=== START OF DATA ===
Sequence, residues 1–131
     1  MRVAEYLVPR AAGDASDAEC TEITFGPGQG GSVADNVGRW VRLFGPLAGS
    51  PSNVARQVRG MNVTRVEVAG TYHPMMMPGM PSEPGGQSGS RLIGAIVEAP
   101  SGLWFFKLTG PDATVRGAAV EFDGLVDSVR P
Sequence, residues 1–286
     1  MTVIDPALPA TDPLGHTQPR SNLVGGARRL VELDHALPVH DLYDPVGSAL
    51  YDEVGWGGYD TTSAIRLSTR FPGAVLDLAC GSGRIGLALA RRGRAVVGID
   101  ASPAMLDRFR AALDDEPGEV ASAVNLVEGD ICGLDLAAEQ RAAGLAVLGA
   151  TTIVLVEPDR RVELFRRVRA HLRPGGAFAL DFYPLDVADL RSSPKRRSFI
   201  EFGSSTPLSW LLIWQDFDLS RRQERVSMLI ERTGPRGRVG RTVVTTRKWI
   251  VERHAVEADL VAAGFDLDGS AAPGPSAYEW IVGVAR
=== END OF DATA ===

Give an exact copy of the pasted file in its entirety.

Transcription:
Sequence, residues 1–131
     1  MRVAEYLVPR AAGDASDAEC TEITFGPGQG GSVADNVGRW VRLFGPLAGS
    51  PSNVARQVRG MNVTRVEVAG TYHPMMMPGM PSEPGGQSGS RLIGAIVEAP
   101  SGLWFFKLTG PDATVRGAAV EFDGLVDSVR P
Sequence, residues 1–286
     1  MTVIDPALPA TDPLGHTQPR SNLVGGARRL VELDHALPVH DLYDPVGSAL
    51  YDEVGWGGYD TTSAIRLSTR FPGAVLDLAC GSGRIGLALA RRGRAVVGID
   101  ASPAMLDRFR AALDDEPGEV ASAVNLVEGD ICGLDLAAEQ RAAGLAVLGA
   151  TTIVLVEPDR RVELFRRVRA HLRPGGAFAL DFYPLDVADL RSSPKRRSFI
   201  EFGSSTPLSW LLIWQDFDLS RRQERVSMLI ERTGPRGRVG RTVVTTRKWI
   251  VERHAVEADL VAAGFDLDGS AAPGPSAYEW IVGVAR